Often the best way to expose your image is NOT to have a perfectly white background in-camera. Aim for a neutral exposure, with nothing touching the far right or far left of your histogram, and brighten it up in editing. This way you don’t lose any detail in your product.
For lighting, you can use either one bright light, or have a two-light setup. If you have two lights, use one as your key light, and then use the second light to diffuse the shadows the key light creates. If you can remove the shadows while you’re shooting there will be much less work to do in editing.
Here is a video tutorial to explain the best way to edit your white product photography in Lightroom.
Outdoor Product Photography
The industry in general is moving away from the lifeless white background photography, and more towards emotive (and outdoor) photography. It’s a different product photography technique as the key here is to tell a story, create an emotion, and get the viewer to have a positive response to the product.
Outdoor product photography can be shot with models or without, can be staged indoors, or outdoors. There are no rules so long as the product looks amazing and the scene shows the viewer what the product is all about.
Let’s look at some examples:-
Here we see a camera bag in the wild! We as the viewer know straight away that this camera bag is rugged, great in all weather, and probably aimed at landscape photographers or travel photographers. What words come to mind when you see this scene? Tough? Outdoorsy? Stylish? Functional?
This gives us so much more information, and more importantly, emotion than a simple white background product photo would.
How about this coat?
We see someone staring off into an epic view. We know that this coat is designed for outdoorsy people, people who want adventure, people who want to explore these wild and wonderful places.
How about these candles?
We have beautiful, fresh colours, lovely serene natural lighting, rustic furniture. What does this scene make you think and feel? Relaxing? A piece of nature indoors? Fresh? Homely?
As you can see, the scene is as important — if not more important — than the product when we want to create some emotion.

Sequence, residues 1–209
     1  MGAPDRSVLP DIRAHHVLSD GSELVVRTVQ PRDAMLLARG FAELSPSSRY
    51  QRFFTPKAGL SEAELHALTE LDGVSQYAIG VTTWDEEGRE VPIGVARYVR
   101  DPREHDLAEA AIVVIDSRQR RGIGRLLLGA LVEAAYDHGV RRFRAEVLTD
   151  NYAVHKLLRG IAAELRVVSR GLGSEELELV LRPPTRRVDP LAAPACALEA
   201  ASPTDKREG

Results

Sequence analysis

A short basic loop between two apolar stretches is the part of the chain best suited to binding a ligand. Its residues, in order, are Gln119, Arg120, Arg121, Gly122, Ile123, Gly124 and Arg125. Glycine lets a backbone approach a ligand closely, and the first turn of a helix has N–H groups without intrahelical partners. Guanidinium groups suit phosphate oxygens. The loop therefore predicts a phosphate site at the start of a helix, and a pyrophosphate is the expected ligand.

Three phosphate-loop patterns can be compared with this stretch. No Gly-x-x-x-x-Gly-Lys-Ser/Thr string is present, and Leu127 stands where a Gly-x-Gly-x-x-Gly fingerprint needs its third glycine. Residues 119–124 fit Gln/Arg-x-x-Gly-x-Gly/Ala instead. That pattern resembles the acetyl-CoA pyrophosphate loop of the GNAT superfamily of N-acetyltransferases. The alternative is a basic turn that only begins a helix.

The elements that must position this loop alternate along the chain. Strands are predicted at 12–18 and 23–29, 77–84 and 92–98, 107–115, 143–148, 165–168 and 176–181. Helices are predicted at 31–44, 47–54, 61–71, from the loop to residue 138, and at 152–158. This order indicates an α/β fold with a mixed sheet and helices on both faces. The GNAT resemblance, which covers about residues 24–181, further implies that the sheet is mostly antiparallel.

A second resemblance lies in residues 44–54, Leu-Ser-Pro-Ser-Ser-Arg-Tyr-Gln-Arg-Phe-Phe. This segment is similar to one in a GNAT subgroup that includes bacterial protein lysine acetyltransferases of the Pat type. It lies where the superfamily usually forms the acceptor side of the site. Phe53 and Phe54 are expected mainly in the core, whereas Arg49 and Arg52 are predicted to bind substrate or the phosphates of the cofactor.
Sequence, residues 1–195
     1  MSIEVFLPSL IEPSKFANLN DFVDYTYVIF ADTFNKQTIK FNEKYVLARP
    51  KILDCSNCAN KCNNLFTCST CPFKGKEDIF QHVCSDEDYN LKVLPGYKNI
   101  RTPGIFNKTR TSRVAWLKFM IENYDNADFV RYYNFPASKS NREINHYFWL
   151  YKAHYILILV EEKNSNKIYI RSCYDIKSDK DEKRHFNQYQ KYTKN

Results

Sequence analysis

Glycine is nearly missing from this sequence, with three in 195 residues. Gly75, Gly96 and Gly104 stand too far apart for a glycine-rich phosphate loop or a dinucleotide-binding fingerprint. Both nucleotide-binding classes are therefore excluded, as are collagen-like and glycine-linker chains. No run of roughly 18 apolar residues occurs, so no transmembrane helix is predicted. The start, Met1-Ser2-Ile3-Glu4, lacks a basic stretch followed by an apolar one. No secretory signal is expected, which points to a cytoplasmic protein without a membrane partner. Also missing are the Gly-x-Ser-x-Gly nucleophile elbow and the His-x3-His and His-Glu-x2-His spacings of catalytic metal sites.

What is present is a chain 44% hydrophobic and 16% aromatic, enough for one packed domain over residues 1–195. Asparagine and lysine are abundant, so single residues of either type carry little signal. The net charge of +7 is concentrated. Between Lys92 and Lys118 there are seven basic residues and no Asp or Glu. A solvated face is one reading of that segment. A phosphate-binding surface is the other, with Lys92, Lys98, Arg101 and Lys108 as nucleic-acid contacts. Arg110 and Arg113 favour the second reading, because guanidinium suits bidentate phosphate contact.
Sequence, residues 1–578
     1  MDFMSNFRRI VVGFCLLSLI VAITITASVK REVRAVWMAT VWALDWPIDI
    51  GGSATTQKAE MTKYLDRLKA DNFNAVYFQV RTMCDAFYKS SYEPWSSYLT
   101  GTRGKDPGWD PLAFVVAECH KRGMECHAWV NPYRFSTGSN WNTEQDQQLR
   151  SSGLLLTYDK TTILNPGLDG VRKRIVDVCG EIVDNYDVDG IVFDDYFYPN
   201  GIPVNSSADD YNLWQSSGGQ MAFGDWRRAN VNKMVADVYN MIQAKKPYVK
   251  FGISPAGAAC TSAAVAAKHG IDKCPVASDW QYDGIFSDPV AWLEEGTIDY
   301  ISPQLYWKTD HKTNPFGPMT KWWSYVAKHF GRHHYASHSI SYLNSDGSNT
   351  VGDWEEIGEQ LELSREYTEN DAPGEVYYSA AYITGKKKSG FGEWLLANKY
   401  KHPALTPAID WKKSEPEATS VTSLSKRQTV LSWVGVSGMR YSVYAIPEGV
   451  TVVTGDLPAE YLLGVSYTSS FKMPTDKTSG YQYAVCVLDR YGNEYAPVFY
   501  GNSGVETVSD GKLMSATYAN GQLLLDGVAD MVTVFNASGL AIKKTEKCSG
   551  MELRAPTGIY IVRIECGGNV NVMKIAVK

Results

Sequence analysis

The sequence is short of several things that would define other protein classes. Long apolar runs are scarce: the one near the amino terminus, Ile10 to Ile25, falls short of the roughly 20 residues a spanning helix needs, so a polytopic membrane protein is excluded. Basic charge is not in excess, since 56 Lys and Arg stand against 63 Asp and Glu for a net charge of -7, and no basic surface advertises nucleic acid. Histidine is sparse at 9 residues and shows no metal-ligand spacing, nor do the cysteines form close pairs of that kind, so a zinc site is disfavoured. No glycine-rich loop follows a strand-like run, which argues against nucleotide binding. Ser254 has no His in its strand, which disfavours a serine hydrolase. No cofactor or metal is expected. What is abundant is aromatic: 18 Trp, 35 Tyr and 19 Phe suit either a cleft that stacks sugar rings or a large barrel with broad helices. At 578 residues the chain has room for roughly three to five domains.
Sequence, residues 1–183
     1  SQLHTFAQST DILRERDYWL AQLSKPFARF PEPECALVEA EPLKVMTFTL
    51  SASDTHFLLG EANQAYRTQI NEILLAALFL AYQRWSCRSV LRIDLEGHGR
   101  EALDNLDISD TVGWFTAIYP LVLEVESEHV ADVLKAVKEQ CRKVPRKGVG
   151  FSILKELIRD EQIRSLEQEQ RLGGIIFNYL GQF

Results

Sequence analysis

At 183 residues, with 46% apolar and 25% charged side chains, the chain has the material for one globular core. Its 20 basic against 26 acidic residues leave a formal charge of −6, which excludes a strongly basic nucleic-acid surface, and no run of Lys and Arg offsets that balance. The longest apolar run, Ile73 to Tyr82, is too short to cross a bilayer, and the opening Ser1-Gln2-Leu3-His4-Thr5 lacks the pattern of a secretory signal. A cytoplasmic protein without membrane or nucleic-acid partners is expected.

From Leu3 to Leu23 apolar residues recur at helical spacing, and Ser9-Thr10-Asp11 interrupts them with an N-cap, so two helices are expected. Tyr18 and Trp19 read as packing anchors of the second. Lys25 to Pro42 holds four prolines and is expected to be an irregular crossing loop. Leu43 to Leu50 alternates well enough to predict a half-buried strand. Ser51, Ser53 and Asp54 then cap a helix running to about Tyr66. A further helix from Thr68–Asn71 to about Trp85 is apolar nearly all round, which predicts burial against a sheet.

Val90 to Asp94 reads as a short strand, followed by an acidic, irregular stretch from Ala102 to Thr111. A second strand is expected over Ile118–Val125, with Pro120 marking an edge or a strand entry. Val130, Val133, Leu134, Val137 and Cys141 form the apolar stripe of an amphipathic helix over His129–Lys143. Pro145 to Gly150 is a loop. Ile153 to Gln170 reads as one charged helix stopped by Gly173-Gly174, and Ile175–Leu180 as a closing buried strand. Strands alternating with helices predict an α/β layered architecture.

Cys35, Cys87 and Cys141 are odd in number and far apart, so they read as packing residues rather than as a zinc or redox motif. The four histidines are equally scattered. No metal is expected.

Connecting the Brand to the Audience
If you have a product/item in mind, then make a list of what you associate with that product — or what the brand wants you to associate with it. Think about who it’s aimed at, and the things that would appeal to them. And try to craft a story around it with your photography.
It sounds simple but it can be really tricky to pull it off effectively! And remember, all the regular rules of photography apply: think about composition, colours, tones, balance within the image.
Emotive photography can be a brilliant skill to master. Emotion is a huge part of photography. We are, after all, storytellers. We capture the world around us in order to show others how we see it.
If you try any of the techniques mentioned in this blog, we’d love to see your work in the iPhotography gallery!
Product Photography Tutorial: 7 Top Tips for Beginners
In summary for this product photography tutorial, there are a number of things to remember. These tips will help you get your product photography techniques and final shots looking top-notch, let’s review them;
- Use a focal length between 40-85mm (50mm is most ideal).
- Controlling the aperture and ISO is most important.
- Use two lights, where possible, to soften shadows.
- Don’t crop off parts of your product.
- Adjust angles of the product to create leading lines.
- Explore alternative angles, once you’ve got the safe shots.
- Use complementing colours or neutrals as surfaces and backgrounds.